Nature's Makers- Julie Knuston - Author - Childrens Books - History - Social Studies

Nature's Makers Series

The Nature's Makers series takes a look at today's makers and farmers who produce organic and small batch products — from grains and veggies to ice cream and honey. Aligned to curriculum standards, these books also highlight key 21st-century content: global awareness, financial literacy, health and wellness, civics literacy, and environmental stewardship. Thought-provoking questions and hands-on activities encourage the development of critical life skills and social emotional growth.


Global-Citizenship-Nomad-Press-Julie-Knuston-Author-Childrens-Books-History-Social-Studies 1
NOMAD PRESS (forthcoming)

Young Person's Guide to Global Citizenship

Basic human rights are guaranteed all over the world: the right to a safe environment, the right to a name and identity, the right to free expression, and the right to an education. But how exactly do you act for global impact, especially in a world in which which far-away events can seem impossibly distant?

The Young People’s Guide to for Global Citizenship offers the resources and information children need to learn about issues of global concern and strategies for taking informed action on them. Each chapter centers upon different children’s rights outlined by the United Nations, focusing on the political, human, economic, environmental, and cultural guarantees born of our common humanity.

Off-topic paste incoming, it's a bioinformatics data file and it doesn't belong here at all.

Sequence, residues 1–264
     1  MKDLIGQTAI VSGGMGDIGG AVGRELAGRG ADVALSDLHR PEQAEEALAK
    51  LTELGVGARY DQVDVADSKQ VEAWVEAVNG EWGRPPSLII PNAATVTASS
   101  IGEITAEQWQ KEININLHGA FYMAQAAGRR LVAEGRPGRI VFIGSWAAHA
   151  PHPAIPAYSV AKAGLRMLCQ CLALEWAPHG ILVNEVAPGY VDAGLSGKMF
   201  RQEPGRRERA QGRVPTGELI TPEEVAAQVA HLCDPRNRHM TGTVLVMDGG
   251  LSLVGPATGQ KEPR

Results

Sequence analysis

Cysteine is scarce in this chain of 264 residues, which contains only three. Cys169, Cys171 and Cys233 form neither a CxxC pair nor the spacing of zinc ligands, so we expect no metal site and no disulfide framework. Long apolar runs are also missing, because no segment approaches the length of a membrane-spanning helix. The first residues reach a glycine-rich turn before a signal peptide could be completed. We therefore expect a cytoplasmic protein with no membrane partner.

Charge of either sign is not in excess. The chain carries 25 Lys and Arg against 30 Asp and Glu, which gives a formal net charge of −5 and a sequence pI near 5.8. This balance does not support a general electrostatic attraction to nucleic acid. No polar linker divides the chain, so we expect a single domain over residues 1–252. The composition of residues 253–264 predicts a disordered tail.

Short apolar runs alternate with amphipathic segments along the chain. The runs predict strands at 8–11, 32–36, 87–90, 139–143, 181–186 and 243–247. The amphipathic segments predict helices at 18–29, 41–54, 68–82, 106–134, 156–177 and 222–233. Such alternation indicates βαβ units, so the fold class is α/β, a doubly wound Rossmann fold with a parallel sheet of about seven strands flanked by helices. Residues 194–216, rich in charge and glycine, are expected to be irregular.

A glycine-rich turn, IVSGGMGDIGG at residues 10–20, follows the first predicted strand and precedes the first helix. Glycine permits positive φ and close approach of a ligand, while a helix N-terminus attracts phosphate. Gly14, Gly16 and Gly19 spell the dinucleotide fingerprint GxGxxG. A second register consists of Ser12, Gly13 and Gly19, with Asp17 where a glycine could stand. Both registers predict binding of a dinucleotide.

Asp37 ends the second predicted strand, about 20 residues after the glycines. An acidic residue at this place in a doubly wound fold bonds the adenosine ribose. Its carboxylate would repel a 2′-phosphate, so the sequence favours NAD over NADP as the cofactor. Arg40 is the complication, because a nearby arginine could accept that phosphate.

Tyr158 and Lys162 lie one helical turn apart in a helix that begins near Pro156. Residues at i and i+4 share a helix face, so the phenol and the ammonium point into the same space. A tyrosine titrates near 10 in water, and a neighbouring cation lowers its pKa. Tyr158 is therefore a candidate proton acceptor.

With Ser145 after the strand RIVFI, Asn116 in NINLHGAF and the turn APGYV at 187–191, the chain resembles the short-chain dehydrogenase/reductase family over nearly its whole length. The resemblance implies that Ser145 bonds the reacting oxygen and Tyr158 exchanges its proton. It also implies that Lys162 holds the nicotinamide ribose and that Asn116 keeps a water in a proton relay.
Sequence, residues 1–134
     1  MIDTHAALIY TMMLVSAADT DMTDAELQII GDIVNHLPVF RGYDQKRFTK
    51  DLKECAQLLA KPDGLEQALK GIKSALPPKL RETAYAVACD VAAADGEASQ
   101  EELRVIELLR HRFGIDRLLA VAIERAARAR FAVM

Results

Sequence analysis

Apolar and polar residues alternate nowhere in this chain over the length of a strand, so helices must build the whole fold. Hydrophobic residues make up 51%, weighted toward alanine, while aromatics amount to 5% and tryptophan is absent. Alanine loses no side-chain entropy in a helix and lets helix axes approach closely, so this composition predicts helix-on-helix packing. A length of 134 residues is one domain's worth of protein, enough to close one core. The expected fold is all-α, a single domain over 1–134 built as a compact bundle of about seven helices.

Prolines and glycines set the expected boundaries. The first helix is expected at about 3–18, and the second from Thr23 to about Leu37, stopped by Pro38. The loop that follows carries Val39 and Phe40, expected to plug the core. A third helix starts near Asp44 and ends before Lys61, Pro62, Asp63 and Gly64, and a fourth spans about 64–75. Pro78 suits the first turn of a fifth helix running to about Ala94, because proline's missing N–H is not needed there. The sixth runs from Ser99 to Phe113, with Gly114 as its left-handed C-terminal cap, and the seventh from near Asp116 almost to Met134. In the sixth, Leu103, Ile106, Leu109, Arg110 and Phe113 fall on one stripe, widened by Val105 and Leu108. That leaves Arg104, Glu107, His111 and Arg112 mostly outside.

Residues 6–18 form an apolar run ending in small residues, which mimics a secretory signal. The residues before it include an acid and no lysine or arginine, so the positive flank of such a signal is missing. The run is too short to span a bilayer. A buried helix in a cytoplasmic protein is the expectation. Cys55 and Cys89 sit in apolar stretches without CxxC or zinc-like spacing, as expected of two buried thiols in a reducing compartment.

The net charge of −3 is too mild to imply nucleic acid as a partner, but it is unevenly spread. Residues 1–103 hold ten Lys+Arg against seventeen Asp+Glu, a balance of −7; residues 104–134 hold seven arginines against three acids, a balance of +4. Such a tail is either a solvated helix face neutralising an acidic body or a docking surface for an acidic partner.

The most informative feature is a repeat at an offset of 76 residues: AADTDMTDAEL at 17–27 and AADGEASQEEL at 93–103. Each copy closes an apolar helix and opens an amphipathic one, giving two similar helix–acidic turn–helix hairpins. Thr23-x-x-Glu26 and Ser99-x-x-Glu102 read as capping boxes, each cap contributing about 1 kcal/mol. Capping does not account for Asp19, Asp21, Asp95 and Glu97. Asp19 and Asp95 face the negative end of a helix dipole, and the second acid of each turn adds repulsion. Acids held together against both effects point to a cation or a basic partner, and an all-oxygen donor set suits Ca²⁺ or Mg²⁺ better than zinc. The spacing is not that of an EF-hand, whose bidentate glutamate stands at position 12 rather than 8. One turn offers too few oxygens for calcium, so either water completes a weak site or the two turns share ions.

Princes and Paupers - Julie Knuston - Author - Childrens Books - History - Social Studies

Princes & Paupers: Art of Jacques Callot

The full spectrum of society springs to life in the detailed etchings of Jacques Callot (1592–1635). This acclaimed French printmaker trained in Italy and later worked as a court artist for Cosimo II de’ Medici in Florence. Callot revolutionized printmaking by developing the process of hard-ground etching, and he applied his technical skills to depicting the world around him.

The extraordinary etchings featured in this book testify to Callot’s mastery of sacred and profane imagery. The authors delve into Callot’s techniques and subjects, ranging from humorous scenes inspired by commedia dell’arte to noble feasts, biblical events, and even the horrors of war. They also explore how the artist used characters from opposite ends of society to expose the complexities and injustices of his time. With his keen sense of observation, Callot held a mirror to European culture of the early 1600s, revealing both its tragic and humorous aspects.